The Basics of Domino


Domino is a game played by two or more players. It can be stopped if one player cannot play anymore, or it may be continued until the specified point limit is reached.

When a domino is stood upright, it stores potential energy; when the domino falls, its potential energy is converted to kinetic energy and causes other dominoes to fall.


The origin of domino is not entirely clear. However, it is believed to have been developed in China around 1120 AD and later spread to the rest of the world through the 1700’s. It is one of the most popular games played in family parlors and pubs.

Dominoes evolved from cubic dice that were brought to China from India. They were constructed to represent all possible results of two thrown dice, and therefore had no blank faces. Compared to the 28 piece standard domino set which originated in Europe, Chinese sets also introduced duplicates of some throws and were divided into two suits: military and civil.

The game is known by several names and variations and is enjoyed by people all over the world. It is especially popular in Latin America.


When playing domino, players must follow the rules of the game. Typically, the heaviest tile determines who begins. The first player must also make sure that he matches the pips of the end of his double with another domino that will join it to create a chain, called a “stitch.” The chain should continue to increase in length.

Generally, the first player to finish the game wins. However, if players are unable to match a domino or cannot draw from the boneyard, the game ends. Players count the value of all the remaining dominoes in their hands at the end of a round to determine the winner.

Players must be careful not to expose their dominoes to opponents, as this can lead to a blocked game. The number of rounds played is predetermined or a specified score limit is reached.


There are many variations of domino. They all involve different game sets and rules for playing them. Traditionally, a domino is twice as long as it is wide and has a line down the middle dividing it visually into two squares with an arrangement of spots or “pips” on either side. The value of a domino is the number of pips on one side or blank, and the sum of both values may be referred to as its rank or weight.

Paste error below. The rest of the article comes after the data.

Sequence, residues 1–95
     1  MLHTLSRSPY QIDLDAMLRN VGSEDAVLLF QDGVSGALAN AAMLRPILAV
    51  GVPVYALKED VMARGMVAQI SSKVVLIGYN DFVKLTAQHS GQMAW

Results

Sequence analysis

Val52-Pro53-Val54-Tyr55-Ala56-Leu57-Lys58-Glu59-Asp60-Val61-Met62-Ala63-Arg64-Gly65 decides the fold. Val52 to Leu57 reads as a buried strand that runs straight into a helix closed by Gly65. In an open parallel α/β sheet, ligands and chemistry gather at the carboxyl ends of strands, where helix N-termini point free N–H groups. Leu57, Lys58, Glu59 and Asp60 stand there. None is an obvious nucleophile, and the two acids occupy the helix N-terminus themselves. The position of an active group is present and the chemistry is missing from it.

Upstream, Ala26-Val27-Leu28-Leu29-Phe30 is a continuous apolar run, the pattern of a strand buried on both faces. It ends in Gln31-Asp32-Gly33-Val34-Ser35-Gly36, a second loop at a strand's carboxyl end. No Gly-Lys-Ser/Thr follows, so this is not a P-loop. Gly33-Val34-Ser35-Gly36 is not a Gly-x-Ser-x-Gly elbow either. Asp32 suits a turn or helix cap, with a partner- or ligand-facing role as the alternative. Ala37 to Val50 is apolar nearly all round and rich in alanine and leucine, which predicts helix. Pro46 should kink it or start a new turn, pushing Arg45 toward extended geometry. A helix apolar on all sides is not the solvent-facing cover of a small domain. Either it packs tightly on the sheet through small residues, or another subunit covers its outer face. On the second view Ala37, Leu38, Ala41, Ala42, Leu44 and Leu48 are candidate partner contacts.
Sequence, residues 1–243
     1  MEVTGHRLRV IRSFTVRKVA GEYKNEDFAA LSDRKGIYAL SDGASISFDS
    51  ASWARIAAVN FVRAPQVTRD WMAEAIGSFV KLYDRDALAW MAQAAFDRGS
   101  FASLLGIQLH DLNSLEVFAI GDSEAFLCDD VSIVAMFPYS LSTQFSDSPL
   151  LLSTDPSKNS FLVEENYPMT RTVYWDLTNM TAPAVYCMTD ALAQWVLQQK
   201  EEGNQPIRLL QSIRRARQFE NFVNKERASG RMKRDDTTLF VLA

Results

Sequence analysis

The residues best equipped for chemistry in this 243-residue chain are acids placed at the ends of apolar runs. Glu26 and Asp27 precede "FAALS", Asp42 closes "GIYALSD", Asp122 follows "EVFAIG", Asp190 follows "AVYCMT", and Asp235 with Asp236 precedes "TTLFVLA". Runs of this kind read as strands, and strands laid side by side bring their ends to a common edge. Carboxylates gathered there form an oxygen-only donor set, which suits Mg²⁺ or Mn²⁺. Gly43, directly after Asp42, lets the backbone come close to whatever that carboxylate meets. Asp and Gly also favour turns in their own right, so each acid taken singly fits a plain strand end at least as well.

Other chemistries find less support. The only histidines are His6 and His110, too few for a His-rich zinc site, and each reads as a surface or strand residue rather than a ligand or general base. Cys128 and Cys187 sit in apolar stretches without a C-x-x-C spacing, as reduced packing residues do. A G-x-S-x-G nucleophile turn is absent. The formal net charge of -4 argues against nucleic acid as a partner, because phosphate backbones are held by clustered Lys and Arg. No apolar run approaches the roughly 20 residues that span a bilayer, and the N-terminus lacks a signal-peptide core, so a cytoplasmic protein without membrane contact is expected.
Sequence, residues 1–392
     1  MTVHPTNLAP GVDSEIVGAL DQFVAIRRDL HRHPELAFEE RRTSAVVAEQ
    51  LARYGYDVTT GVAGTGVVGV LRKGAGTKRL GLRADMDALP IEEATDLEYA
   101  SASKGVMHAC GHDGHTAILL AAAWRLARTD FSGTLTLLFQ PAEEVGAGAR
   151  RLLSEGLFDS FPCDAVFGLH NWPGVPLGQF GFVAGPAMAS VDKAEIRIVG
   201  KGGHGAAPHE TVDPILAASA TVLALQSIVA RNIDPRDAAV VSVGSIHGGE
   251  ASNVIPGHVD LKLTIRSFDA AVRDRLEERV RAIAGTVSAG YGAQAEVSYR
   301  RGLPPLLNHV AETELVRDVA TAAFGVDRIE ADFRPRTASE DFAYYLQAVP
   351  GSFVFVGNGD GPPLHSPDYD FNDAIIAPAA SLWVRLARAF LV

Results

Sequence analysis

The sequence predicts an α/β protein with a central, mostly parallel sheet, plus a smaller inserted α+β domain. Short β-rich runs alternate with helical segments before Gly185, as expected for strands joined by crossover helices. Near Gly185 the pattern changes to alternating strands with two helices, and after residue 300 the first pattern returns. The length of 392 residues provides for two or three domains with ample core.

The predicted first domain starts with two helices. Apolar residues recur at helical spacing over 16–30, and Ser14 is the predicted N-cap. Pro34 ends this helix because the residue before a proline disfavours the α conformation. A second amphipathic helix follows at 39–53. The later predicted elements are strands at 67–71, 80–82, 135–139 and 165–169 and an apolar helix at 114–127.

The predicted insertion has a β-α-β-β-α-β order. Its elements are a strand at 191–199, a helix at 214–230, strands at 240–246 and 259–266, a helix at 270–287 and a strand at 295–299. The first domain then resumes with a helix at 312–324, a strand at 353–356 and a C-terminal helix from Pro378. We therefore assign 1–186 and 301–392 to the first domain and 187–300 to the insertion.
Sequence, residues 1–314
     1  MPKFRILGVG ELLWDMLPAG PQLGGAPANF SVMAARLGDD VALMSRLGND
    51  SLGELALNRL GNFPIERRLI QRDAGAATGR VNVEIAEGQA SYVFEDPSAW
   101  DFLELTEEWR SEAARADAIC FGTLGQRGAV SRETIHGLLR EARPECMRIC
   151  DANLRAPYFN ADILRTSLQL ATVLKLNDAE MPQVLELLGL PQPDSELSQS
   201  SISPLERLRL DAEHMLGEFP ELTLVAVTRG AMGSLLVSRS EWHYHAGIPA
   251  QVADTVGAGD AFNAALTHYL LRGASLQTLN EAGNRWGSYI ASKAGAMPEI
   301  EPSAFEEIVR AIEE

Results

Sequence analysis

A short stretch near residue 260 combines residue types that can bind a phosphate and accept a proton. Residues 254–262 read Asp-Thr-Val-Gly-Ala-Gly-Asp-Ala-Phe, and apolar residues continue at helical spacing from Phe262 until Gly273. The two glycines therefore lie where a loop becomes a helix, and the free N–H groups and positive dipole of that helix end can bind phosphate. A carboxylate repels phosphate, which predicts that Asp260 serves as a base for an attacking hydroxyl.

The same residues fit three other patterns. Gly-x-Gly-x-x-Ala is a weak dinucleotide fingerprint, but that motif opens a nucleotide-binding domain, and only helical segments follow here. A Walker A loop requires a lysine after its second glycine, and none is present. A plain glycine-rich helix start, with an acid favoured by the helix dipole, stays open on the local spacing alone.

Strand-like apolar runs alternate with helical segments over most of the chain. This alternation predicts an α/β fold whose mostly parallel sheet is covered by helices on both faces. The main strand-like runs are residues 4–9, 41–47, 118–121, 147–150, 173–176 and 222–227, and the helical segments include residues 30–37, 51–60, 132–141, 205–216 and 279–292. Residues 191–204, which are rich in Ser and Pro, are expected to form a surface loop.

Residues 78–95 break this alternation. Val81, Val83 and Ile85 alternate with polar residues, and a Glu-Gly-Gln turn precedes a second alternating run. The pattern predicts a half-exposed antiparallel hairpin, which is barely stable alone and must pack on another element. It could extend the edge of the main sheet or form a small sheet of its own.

The Block game is the simplest basic domino variant, and most characteristic games are elaborations of it. Initially, each player draws seven tiles from a double-six set and then places one on the table to start the line of play. Players then alternately extend it with a matching tile at one of its ends.


A domino is a small, thumb-sized rectangular block of rigid material that is used for gaming. It is also known as a bone, cards, men, or pieces. It has an identity-bearing side, marked with a specific arrangement of dots or pips, and a blank or identically patterned side. A set of 28 such tiles form a complete domino set.

Modern mass-produced dominoes are mostly made of materials like plastics, metals, and stone. However, some manufacturers make them out of high-quality woods. These are considered works of art and come with hefty price tags.

In the past, European-style domino sets were traditionally made of silver lip ocean pearl oyster shell (mother of pearl), ivory, or a dark hardwood such as ebony. The pips were painted or inlaid.


The player with the highest score at the end of a hand wins. Depending on the game type or setting, the number of rounds may be predetermined, or the players may play until a point limit is reached.

The points scored are based on the total of all the end tiles that have been played. Typically, doubles are counted twice to make a total of four or six. A blank tile is counted as zero points.

This scoring system is similar to the way nerve impulses travel through long neurons in your body. Similarly, the dominoes fall in a linear fashion and can only move in one direction. This makes them ideal for demonstrating the law of conservation of energy. As a result, the dominoes are considered to have zero momentum.

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